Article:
So let us imagine that you have a small child whom you wish to introduce to boardgames, and the having read our rant on Candyland you can't face spending time dealing with so saccharine and brain-dead a system. Are there alternatives?
Eleanor Abbot's Candy Land is in most cases the first boardgame to which children in the United States are exposed. As a result, it constitutes a touchstone, a referent which we almost all consider when contemplating the nature of the ars ludorum, and its evolution and recomplication in our own interactive, nay hyperactive, era.
There are those who criticize Candy Land as being jejune and ultimately futile, since the nature of its rules construct and the (non-existent) emergent complexity it supports is utterly unsusceptible to any sort of rational analysis, or indeed, choice of player strategy.
Submitted by EmilyShort on Fri, 10/26/2007 - 13:34.
Designed to introduce issues of energy management and environmental protection to schoolchildren, ElectroCity allows the player to control a New Zealand town and its surrounding landscape -- building power plants, extracting fossil fuels, trading on the energy market, and setting conservation policies. At the end of 150 turns, the player is graded on the town's size, environmental cleanliness, energy supply, and citizen satisfaction. The finished town layout can be uploaded to the ElectroCity server, to be viewed and ranked against other submitted towns.
You look at Loop and you think: Wow, this is creative; I've never seen gameplay like this before. And also: Who in his right mind thought this was going to be popular?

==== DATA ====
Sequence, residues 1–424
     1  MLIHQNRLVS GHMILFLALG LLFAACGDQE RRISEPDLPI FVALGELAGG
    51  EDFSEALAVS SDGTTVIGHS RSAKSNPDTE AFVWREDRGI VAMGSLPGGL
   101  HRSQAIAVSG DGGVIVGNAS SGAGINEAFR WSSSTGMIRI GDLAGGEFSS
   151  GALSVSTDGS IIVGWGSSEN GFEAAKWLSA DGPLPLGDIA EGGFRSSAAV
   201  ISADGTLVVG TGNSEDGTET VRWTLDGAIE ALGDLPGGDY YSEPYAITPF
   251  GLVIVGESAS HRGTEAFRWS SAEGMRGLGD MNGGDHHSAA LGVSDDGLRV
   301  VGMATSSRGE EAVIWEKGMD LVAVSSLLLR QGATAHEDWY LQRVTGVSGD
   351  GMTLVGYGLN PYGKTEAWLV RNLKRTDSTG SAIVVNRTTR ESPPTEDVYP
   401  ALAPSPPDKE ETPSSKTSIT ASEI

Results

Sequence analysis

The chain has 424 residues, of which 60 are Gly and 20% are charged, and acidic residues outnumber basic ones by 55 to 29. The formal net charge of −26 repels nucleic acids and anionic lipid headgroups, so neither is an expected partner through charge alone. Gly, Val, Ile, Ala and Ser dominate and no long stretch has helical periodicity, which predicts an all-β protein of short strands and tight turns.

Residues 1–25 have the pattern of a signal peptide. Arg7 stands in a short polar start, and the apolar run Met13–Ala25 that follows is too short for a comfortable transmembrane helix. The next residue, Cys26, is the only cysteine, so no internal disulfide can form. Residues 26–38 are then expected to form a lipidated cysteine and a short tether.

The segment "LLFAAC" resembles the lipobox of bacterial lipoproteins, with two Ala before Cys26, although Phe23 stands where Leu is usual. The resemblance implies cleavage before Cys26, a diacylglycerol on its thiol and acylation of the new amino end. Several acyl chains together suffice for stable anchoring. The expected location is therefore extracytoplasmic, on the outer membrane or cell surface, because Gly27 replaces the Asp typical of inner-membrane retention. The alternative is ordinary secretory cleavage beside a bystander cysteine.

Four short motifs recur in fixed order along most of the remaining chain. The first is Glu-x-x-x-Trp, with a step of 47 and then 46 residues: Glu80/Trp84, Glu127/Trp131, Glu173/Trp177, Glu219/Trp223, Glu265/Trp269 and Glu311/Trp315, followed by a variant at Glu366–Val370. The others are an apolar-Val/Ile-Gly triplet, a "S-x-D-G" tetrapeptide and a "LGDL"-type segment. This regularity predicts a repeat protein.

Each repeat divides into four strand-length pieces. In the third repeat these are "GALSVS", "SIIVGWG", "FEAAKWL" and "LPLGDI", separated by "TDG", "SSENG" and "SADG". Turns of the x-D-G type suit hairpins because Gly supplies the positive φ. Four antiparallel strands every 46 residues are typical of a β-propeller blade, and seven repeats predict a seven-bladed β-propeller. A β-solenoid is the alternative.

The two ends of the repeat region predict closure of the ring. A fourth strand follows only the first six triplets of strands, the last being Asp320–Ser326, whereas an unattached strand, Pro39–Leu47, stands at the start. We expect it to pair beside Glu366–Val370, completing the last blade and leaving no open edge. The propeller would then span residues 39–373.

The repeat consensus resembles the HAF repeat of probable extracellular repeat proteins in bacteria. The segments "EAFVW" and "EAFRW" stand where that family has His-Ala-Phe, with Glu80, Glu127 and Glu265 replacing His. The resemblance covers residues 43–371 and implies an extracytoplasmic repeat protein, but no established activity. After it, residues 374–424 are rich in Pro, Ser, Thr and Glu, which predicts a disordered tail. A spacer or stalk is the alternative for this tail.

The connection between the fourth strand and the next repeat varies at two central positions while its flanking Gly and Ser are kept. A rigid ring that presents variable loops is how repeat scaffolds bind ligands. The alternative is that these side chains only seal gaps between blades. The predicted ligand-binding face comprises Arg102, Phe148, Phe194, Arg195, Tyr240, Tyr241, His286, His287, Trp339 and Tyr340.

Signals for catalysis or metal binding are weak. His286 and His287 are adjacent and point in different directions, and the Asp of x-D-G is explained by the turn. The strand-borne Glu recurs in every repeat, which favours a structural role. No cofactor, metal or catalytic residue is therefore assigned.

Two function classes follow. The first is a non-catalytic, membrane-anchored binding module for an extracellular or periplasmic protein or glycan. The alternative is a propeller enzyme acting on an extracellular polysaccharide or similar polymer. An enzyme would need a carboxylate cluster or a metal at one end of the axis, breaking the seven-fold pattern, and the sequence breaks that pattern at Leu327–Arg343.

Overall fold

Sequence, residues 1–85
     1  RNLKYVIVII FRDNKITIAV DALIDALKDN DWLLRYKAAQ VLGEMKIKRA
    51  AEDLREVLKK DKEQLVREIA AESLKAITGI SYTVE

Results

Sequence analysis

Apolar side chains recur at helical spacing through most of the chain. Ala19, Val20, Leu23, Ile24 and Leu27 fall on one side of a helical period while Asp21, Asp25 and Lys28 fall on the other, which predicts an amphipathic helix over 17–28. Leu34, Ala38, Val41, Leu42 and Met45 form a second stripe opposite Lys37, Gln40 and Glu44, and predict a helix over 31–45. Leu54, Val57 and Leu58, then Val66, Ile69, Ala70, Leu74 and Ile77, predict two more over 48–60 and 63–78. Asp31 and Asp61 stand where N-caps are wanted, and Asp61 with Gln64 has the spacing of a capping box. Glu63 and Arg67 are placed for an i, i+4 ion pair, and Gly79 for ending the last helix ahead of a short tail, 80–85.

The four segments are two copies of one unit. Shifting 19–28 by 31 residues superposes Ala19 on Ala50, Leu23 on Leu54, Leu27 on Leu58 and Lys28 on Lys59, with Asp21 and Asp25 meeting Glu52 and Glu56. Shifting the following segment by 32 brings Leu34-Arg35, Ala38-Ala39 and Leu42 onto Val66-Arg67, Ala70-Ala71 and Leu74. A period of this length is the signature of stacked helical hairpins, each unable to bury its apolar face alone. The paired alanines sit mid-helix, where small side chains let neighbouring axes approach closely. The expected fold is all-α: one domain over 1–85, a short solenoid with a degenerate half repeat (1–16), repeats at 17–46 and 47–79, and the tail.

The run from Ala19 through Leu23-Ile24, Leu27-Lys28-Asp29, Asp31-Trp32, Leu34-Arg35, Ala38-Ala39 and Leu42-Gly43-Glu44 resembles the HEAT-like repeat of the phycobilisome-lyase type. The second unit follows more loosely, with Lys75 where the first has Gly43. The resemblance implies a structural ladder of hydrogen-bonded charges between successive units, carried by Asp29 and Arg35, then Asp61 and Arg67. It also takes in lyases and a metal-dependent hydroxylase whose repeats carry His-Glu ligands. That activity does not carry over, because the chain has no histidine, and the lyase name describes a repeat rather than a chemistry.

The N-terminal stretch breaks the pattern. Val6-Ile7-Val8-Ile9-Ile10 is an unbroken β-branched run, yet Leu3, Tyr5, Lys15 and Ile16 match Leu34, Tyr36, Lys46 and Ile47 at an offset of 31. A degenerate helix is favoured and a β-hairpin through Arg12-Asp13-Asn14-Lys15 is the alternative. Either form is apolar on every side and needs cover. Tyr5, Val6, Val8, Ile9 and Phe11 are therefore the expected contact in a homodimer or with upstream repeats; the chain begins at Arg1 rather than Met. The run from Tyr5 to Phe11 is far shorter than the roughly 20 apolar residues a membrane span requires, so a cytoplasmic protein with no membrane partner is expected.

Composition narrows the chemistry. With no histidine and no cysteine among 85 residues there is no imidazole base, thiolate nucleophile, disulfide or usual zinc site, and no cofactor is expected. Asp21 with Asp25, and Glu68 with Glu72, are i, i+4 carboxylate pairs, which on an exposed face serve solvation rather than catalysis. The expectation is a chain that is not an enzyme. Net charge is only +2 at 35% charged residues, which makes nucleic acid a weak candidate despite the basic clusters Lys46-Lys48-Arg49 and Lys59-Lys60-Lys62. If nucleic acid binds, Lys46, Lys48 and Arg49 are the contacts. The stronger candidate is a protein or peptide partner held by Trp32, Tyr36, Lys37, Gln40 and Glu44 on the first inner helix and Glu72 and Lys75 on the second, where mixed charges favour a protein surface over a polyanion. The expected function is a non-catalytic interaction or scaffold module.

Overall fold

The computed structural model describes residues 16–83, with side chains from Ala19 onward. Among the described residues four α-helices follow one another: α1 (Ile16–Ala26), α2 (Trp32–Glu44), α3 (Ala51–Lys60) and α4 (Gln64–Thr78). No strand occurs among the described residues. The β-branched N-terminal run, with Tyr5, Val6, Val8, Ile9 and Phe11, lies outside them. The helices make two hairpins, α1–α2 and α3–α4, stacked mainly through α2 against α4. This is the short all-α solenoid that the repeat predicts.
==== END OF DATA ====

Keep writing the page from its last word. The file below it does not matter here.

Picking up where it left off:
The look of Loop comes out of Leo Lionni, the children's book creator, and the surrounding media--the girlish laughter when you complete a loop, the cheerful music--reinforces the sense that you've wandered into an alternate universe where people create digital applications for tots without trying to cram branded properties into their brains for future profit selling them licensed crapola--but purely for the joy of creating applications tots will enjoy.
Yes, Wildlife Tycoon: Venture Africa is a "tycoon" game--but quite different from others of the genre. The objective isn't to build a business, but a balanced ecosystem. For example, one level's objective is to have some number of lions in play--but to get that many, you have to build up your zebra population so there's enough prey to support your lions. And to support that many zebra, you need to plant enough bushes to sustain them.
Yet it also isn't a hard-core simulation in the style of Sim Life (and thank goodness); it's a simple, straightforward game with pleasantly animated African wildlife, and a tutorial system that anyone who can read (and this is a good game for kids) will find good and sufficient. Contrariwise, it's a tougher game to win, even on "Easy" setting, than most casual games (many of which can be won by a monkey clicking randomly).
The Noks is a very weird game--if it's a game at all.
Partly, it's a system of collectibles. There are several hundred "Noks" in the world at present, and the developers plan to add more over time. You can think of Noks as something like, say, Magic: The Gathering cards, except that they aren't cards. They're animated 3D avatars with backstories. Some of them sing songs or perform music. And most have something to tell you about the game itself, or the backstory of the Noks universe. To understand that universe, you'll need to collect--well maybe not "them all," but lots of them.
Your default platformer stance is beset by a floating white head who comes off like some kind of pranic demon. He tells you not to proceed, which in the language of level design means, "come further, you don't really have a choice". This is the kind of catch-22 that, all too common in life, seems utterly absent in games - no matter what prickly situation your protagonist finds (usually) himself in, there's always a neat puzzle solution or flow path to get out of it. Not this time.
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